Hogue packed and made the trip, arriving in New York City on March 30. She served as a medical information officer, collecting data and statistics on patients and serving as the patient/family liaison.
Every day, Hogue donned head-to-toe protective gear and worked 12 to 14-hour days. The tent hospital was sophisticated and well-run with an ICU tent, X-ray tent, lab tent, supply tent, and more. “It is a fully functioning hospital with heat and air conditioning, food and clothing,” she explained.
COVID-19 positive patients came via Mount Sinai from throughout the area. Doctors and nurses worked tirelessly. “I would hear our ICU team say, ‘We go home and cry every day, hope we sleep and come back again.’ We grieved hard when we lost patients, or at the disease and the effects on the patients, because sometimes nothing was working,” she said.
During hard days, relationships with other workers were enriching. There were people from throughout the US and the world whom Hogue had worked with in the Bahamas. The group would pray together during group devotionals at the twice-per-day shift changes, reminding each of them of their greater purpose.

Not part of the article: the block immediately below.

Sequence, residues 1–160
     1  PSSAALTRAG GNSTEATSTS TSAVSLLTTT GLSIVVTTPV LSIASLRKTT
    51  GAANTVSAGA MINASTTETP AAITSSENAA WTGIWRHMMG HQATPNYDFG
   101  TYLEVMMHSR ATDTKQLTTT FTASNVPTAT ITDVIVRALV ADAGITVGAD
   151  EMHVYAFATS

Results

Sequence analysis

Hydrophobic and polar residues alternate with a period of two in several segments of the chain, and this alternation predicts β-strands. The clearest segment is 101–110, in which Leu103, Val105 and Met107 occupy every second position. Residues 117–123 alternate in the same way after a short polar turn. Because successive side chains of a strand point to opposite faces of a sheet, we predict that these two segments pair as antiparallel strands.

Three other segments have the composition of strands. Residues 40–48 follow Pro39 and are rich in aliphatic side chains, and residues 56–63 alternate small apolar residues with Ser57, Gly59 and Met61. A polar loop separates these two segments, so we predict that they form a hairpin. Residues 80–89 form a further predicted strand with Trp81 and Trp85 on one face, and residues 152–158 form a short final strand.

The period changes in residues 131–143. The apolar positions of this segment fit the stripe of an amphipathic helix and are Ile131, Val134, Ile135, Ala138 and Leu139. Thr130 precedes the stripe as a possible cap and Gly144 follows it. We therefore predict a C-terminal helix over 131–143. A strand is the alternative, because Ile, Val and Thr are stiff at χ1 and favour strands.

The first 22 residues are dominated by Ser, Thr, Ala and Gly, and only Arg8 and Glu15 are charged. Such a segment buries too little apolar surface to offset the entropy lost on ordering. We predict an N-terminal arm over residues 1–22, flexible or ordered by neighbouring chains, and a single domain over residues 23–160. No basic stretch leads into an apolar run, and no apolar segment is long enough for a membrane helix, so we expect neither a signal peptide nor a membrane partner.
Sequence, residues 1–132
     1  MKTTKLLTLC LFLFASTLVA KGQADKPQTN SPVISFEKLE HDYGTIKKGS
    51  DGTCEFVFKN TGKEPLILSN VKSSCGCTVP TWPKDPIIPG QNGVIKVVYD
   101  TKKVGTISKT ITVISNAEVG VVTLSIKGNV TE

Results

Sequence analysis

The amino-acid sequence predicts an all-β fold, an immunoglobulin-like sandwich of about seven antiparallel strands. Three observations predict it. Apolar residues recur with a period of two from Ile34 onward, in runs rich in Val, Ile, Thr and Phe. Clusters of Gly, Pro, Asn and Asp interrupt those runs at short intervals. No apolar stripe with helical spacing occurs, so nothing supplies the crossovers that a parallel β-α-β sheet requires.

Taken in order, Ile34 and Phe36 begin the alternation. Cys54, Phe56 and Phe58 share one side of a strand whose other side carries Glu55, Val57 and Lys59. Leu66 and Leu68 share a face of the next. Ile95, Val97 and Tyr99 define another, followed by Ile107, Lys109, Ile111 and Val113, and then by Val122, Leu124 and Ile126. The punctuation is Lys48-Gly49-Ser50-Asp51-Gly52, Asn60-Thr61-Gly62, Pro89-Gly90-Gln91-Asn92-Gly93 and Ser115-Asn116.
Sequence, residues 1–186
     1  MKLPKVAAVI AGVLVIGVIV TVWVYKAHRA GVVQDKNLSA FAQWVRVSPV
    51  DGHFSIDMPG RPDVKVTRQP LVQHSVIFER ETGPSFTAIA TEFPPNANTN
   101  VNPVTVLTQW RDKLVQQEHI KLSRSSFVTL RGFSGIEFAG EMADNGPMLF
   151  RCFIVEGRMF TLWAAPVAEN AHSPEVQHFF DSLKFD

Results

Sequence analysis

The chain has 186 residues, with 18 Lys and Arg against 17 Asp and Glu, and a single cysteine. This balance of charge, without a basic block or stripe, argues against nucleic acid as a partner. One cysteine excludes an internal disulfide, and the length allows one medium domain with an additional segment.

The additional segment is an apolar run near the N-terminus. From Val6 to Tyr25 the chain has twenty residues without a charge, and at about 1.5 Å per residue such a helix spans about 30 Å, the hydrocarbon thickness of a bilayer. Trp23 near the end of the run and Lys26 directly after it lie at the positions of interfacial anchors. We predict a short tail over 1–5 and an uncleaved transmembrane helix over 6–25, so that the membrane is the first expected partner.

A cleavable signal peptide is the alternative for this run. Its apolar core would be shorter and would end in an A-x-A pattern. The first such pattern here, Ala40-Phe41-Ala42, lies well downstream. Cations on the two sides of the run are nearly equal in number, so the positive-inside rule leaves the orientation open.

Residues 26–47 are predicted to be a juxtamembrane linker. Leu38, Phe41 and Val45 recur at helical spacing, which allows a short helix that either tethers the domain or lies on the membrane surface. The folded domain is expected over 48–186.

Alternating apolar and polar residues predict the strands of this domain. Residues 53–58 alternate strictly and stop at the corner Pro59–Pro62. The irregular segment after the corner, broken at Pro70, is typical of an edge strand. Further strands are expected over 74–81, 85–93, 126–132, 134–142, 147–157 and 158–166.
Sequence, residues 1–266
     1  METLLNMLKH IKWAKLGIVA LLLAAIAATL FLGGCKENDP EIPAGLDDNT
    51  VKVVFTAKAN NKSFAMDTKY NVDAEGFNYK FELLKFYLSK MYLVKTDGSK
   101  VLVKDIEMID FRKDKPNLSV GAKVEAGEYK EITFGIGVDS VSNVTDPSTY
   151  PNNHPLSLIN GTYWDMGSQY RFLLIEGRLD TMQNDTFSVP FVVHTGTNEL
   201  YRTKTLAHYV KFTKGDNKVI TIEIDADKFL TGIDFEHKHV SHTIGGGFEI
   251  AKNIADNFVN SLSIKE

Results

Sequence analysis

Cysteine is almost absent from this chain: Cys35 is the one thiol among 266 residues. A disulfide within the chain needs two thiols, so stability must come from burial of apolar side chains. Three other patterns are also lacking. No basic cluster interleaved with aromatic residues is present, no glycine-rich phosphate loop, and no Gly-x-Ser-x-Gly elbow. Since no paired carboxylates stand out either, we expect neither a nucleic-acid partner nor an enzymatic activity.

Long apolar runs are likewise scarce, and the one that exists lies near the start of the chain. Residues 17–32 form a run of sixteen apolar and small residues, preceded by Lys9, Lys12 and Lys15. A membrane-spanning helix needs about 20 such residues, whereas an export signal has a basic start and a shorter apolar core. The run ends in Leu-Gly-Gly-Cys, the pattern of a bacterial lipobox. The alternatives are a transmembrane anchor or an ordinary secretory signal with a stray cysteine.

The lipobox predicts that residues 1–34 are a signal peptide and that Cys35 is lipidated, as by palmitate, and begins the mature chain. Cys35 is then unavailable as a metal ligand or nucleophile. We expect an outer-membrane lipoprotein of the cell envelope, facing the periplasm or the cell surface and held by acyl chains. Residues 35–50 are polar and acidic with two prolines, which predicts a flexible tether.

While the Big Apple is normally bustling, the unusual stillness provided ease for the visitors. “There were very few – if any – cars. It would take me three minutes to walk to work. There were dorms in the Mount Sinai Hospital System across the street and the Renaissance Hotel also put us up for free,” Hogue said. “I could stand in the middle of Times Square and take a picture with no vehicles. On a regular day, it would take an hour to drive from Times Square to Central Park, but it took us eight to 10 minutes.”
New Yorkers showed their support for the team, bringing meals and practical supplies like tall socks to be worn with workers’ rubber boots. “At 7 p.m. every day, the people in the city would clap, scream, honk their horns, and shake bells for people at shift change,” Hogue said. “The people of New York just poured it out.”
After one half-day off in five weeks, Hogue returned home to process the time and rest during quarantine. Hogue’s Paris community surprised her with a drive-by parade featuring firetrucks, a state trooper, friends and family. “I sat in my driveway and people were honking horns and dropping off envelopes and food. And my church made a welcome-home video,” she said. “I’m not typically super emotional but I was crying and saying, ‘How did you guys do this?’ The love and support I’ve been shown has been amazing.”
Hogue doesn’t like praise for what she did, and says, “I’m wired with this sense of adventure. Never underestimate what the Lord can do in your life. It doesn’t have to look like New York City or disaster relief. In my mind, I haven’t done anything grand, but was obedient to the Lord. I’m humbled that the Lord would allow me to be part of it.”